As I said in my last post I am spending alot of time on the web researching for next years more significant foray into organic market gardening. Currently I am focusing on 2 main aspects-biological pest control and building long term fertility cycles through cover cropping, rotations, and a more scientific approach to composting. A favored launch point this week has been the Permaculture Activist Magazine’s website, specifically today their Plant Lists.
One nursery really caught my eye and thus far has been a font of knowledge and optimism: Fedco Seeds out of Maine. I could describe them, but I will let them do it for themselves:
Welcome to Fedco Seeds, your source for cold-hardy selections especially adapted
to our demanding Northeast climate. Each year we observe hundreds of varieties,
selecting only the best for inclusion in our catalogs. Through our product lines
and cultural hints, we encourage sustainable growing methods. We offer a large
selection of certified organic cultivars and regional heirloom varieties. We buy
products from all over the world.
They have several distinct branches-seeds, fruits/nuts, tubers, and growers supply. The catalog for their trees reads like a primer on orcharding and is over 62 pages long (available online). Their tuber line is dubbed Moose Tubers and besides offering 47 varieties of organic potatoes, they have (be still my heart!) 3 varieties of Sunchokes! Each variety gets several paragraphs of text as well as an extremely helpful chart listing all the potato varieties together showing harvest time, tuber shape/size, average yield, and lots more. Pricing is very reasonable-I can get 100# of Purple Viking shipped for about $180. Considering that should be enough to grow 1000#+ of potatoes $.18 per harvested pound seems pretty reasonable.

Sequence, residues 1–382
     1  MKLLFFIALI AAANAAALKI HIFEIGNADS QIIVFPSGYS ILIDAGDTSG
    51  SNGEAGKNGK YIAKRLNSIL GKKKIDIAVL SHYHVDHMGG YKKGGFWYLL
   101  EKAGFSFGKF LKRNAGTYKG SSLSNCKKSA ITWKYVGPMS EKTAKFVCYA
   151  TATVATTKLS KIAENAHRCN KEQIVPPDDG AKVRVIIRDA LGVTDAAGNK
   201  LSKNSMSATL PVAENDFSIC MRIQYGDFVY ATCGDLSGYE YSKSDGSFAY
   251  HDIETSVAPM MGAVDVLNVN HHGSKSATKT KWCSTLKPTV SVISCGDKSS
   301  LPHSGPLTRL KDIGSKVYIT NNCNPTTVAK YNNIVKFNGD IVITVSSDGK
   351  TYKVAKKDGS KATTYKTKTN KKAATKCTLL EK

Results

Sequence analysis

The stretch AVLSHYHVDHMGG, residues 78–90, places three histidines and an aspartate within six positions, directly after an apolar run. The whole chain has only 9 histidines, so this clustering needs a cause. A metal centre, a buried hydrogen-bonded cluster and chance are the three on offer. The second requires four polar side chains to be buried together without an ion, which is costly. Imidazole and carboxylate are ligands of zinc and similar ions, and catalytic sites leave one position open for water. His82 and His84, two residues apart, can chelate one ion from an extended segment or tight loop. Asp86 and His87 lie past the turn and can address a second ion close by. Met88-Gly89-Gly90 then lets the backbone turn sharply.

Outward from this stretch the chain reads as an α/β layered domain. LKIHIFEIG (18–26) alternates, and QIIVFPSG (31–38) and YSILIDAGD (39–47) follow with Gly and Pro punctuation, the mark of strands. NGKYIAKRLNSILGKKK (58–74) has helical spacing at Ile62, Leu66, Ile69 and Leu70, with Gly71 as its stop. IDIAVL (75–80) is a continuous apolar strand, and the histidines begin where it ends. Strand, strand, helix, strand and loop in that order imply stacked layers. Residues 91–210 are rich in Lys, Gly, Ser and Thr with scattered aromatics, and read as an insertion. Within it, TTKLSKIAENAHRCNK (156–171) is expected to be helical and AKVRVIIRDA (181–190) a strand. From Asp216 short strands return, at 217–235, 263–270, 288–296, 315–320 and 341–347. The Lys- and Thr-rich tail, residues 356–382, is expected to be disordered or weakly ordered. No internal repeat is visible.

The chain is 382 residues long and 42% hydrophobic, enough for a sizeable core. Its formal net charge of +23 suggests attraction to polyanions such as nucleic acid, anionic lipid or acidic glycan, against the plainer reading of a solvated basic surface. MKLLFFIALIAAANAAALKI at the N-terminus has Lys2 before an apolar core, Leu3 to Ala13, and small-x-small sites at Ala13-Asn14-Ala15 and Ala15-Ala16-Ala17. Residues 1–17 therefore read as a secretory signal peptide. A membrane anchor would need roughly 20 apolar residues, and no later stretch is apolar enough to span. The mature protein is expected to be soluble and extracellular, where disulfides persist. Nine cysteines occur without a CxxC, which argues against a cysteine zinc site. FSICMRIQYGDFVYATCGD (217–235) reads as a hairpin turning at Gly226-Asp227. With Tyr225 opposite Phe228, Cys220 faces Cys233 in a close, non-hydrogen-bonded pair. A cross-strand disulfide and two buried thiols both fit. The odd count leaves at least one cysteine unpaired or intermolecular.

In their Grower’s Supply section I came across two books, Compost, Vermicompost and Compost Tea: Feeding the Soil on the Organic Farm & Manage Insects on Your Farm: A Guide to Ecological Strategies both are rocketing to the top of my reading list. Here is an entire book devoted to my dabblings in interplanting flowering plants for beneficial insect attraction-and one that is focused on soil management on a commercial scale. Priceless!
And, yes, I realize I am a dork.
We begin cutting the beds in a few weeks, and the adventure will begin with 800 sq ft of garlic.
By January I should have a firm starting plan on crop rotations, insect management, and soil strategies that I can present to the land owner, and then modify after consulting with my customers and the restaurant (where I am currently typing this with my daughter reading beside me) I will be selling to to dial in cultivars and sq footage.
This is a dream come true.